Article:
179 F.2d 738
OMAN et al.
United States Court of Appeals Tenth Circuit.
December 19, 1949.
Milton V. Backman, Salt Lake City, Utah for appellants.
John C. Harrington, Department of Justice, Washington, D. C. (A. Devitt Vanech, Assistant Attorney General, Scott M. Matheson, United States Attorney, Salt Lake City, Utah, and Roger P. Marquis, Department of Justice, Washington, D. C., were with him on the brief), for appellee.
Before PHILLIPS, Chief Judge, MURRAH, Circuit Judge, and RICE, District Judge.
MURRAH, Circuit Judge.
This is an action against the United States brought under the provisions of the Federal Tort Claims Act, as amended, 28 U.S.C.A. §§ 1346(b), 2671-2680, and arising out of the Taylor Grazing Act, as amended, 43 U.S.C.A. §§ 315-315q, and the Federal Range Code for Grazing Districts, 43 C.F.R. Sec. 161.1 et seq., promulgated by the Secretary of the Interior pursuant to the authority vested in him by the Taylor Act.
Plaintiffs' complaint alleges that defendant's employees, in charge of grazing activities on the public domain in the San Rafael District, Utah, wrongfully aided, allowed, and encouraged other livestock operators to utilize the public domain, upon which defendant had previously granted exclusive grazing privileges to plaintiffs (predicated upon plaintiffs' ownership in fee of adjacent private lands).
It further alleges that plaintiffs' predecessors in interest in certain leased lands were granted similar exclusive grazing privileges on public domain adjacent to such leaseholds, and that when plaintiffs notified defendant's employees of their acquisition of these leaseholds, said employees represented that they would cancel the exclusive privileges granted to plaintiffs' predecessors and would grant such privileges to plaintiffs (as required of them by the Range Code). Contrary to the above representations and in disregard of plaintiffs' rights, defendant's employees failed and refused to cancel the grazing privileges of plaintiffs' predecessors and negligently, wrongfully, and with intent to injure plaintiffs' operations, permitted, aided, and directed plaintiffs' predecessors and others to use said lands.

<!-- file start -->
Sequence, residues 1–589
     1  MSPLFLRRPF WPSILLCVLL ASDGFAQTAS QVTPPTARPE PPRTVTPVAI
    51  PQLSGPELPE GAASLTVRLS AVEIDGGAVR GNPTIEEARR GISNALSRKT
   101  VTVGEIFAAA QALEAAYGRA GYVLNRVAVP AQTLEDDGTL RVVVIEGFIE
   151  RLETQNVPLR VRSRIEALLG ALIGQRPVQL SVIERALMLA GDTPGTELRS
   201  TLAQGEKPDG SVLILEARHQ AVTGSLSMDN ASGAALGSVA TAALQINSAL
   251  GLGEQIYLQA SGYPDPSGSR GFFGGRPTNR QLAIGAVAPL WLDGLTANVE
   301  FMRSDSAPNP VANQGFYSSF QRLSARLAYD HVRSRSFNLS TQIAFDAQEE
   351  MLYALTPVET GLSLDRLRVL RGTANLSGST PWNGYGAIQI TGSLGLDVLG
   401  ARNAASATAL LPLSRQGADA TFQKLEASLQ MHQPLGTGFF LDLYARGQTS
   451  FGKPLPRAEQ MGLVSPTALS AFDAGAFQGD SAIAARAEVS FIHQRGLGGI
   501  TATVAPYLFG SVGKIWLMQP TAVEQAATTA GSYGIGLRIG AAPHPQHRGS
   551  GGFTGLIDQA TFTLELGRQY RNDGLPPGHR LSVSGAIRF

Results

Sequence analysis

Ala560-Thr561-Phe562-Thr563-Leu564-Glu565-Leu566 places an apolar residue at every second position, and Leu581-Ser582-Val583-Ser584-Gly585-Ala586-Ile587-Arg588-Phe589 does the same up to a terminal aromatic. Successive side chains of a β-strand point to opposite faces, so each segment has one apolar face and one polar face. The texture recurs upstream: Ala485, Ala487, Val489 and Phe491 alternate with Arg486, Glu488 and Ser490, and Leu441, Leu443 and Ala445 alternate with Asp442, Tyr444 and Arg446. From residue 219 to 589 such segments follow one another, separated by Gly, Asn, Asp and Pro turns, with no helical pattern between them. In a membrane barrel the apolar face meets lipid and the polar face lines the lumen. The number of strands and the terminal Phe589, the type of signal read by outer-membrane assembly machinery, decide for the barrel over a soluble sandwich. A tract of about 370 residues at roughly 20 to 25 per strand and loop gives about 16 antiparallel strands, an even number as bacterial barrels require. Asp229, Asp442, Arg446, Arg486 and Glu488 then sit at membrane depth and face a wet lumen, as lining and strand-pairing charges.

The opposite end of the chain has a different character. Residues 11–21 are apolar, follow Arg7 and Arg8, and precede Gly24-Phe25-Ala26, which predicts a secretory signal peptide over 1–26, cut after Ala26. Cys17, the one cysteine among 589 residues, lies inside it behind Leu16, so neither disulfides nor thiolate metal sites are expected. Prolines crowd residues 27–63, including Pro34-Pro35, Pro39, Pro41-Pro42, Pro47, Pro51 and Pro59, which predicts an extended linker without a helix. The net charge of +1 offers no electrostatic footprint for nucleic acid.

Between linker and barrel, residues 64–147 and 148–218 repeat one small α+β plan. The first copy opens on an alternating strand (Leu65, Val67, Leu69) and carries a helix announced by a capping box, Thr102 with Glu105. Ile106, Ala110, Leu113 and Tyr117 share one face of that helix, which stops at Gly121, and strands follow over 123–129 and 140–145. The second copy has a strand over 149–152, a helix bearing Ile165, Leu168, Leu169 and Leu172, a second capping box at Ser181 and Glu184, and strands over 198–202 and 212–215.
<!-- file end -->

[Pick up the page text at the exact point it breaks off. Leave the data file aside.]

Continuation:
As a result of these negligent, wrongful, and unlawful acts, plaintiffs allege that they have been obligated to rent extra pasture and purchase extra food; that their livestock has remained in poor condition and losses have been high; that they have been forced into lawsuits, and that the plaintiffs' lands and the public domain in which plaintiffs have exclusive grazing rights have been damaged, all in the amount of $109,000.00.
The District Court sustained the defendant's motion to dismiss the complaint on the grounds that it failed to state a cause of action, and that it was not a claim within the jurisdiction of the court. Plaintiffs have appealed from this ruling.
The Federal Tort Claims Act confers jurisdiction upon the district courts coextensive with the waiver of sovereign tort immunity, and provides that "the district courts * * * shall have exclusive jurisdiction of civil actions on claims against the United States, for money damages, for injury or loss of property * * * caused by the negligent or wrongful act or omission of any employee of the government while acting within the scope of his office or employment, under circumstances where the United States, if a private person, would be liable to the claimant * * *." 28 U.S.C.A. § 1346(b). However, this "shall not apply to — (a) Any claim * * * based upon the exercise or performance or the failure to exercise or perform a discretionary function or duty on the part of a federal agency or an employee of the Government, whether or not the discretion involved be abused. * * * (h) Any claim arising out of * * * misrepresentation, deceit, or interference with contract rights." 28 U.S.C.A. § 2680.